In the end, it was all worth it. We spotted four whales in total. Two minke whales and two sperm whales. The minke whales were mere specks of fin in the distance, but lucky for us, the sperm whales hung around for a bit longer and dived spectacularly, allowing us to appreciate what large and magnificent creatures they were.

A lone seagull following our ship over the freezing cold sea

Lóndrangar Pinnacles

On our way back, we stopped at Lóndrangar, two prominent rocks protruding from the coast, east of the southern edge of the peninsula. These rocks are the remains of volcanic plugs. You can walk down to these rock pillars from the edge of the cliffs.

Lóndrangar is often referred to as the Rock Castle of Snæfellsnes

Photos of Lóndragar are iconic of Iceland, and I remembered the rocks from photos I’d seen before coming here. They are impressive, imposing structures with the sea crashing in around them.

A lone lighthouse close to the Lóndrangar pinnacles

Getting to them is a little bit of a trek across the dried lava rock fields. You have to be careful to make sure you don’t miss a step!

The Lóndrangar pinnacles are actually much higher than they appear from afar, dwarfing the two people on the slope to the left

If you have time, we suggest trying to view Lóndragar from a few different angles. They look very different depending on whether you view them from their base or from a higher vantage point.

A small redshank (our best guess) on a lone pillar

Rauðfeldsgjá Ravine

Our final stop, ending our tour in this part of Iceland, was Rauðfeldsgjá, an imposing ravine a few kilometres north of Lóndrangar. Even from afar, you can see the hundreds of birds circling the entrance to the ravine, like guardians of another world.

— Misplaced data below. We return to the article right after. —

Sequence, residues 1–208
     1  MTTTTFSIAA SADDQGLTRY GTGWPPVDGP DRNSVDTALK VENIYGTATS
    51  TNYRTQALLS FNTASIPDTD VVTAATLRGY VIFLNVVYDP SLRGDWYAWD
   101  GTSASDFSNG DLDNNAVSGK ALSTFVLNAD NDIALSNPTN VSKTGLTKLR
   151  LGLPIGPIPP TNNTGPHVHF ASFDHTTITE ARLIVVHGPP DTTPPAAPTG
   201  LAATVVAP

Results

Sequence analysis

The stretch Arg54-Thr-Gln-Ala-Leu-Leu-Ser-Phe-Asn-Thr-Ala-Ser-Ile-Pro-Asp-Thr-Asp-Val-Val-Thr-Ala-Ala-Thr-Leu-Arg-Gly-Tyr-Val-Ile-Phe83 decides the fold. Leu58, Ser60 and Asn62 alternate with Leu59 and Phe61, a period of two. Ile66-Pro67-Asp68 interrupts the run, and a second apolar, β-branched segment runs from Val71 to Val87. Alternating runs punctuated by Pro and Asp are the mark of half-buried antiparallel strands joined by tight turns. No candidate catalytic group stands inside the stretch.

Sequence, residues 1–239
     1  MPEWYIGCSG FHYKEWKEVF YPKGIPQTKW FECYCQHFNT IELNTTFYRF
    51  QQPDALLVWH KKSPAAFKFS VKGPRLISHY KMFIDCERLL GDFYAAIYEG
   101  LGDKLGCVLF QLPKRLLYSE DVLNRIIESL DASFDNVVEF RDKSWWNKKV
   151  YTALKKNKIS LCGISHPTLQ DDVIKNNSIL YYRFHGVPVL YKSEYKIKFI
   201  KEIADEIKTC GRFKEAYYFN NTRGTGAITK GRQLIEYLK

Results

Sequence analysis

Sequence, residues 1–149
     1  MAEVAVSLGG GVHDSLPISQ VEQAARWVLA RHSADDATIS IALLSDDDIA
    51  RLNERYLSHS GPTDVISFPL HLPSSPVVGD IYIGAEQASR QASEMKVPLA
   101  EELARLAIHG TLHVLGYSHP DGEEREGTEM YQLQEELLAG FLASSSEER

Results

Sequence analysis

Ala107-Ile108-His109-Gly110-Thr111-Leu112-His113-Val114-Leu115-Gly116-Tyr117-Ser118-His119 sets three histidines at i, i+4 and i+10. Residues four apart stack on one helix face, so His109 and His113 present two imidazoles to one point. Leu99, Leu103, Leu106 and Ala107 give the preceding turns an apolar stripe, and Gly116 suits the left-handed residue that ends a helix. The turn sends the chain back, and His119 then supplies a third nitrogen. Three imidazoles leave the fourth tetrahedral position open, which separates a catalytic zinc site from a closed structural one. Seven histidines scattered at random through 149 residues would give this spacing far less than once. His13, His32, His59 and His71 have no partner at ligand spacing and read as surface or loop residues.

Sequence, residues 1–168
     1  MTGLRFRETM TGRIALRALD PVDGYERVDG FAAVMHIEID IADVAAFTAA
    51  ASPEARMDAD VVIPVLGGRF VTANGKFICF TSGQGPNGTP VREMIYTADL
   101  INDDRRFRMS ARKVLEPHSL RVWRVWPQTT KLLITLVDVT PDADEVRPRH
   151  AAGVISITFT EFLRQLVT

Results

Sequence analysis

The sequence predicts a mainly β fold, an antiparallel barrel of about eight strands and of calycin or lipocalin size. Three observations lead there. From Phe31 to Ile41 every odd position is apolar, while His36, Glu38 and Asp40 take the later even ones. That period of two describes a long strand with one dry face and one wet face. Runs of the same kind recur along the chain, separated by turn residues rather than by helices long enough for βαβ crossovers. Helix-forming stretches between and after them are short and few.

An imposing approach to the Rauðfeldsgjá ravine, worthy of an Indiana Jones movie

It’s a bit of a climb to get to the entrance, and a scramble to get inside. Nevertheless, the views are immensely rewarding. If you’ve seen “How to Train your Dragon”, which is set in an unspecified viking country, you’ll think the inspiration for some of the set designs came from Rauðfeldsgjá.

The Rauðfeldsgjá ravine is surrounded by an otherworldly landscape

We would have loved to hike a little ways into the ravine, but it was already quite late. Although the sun doesn’t really set in Iceland in the summer, it still got dark enough that we didn’t fancy scrambling through. Besides, we were all looking forward to the warm dinner that awaited us at Hraunsnef.

Young seagulls awaiting their parents high up in the walls of the Rauðfeldsgjá ravine

The west of Iceland was home to one of the country’s revered poet vikings, Egill Skallagrimsson, who was known for his bad temper and brooding moods, but also celebrated for his intellect and romantic soul. Like Skallagrimsson, the landscape here can be intimidating, but also beautiful in its starkness.

The final approach to the ravine – we unfortunately did not go in as it was getting pretty late

About The Author

Danijel is a professional travel and music photographer and video producer.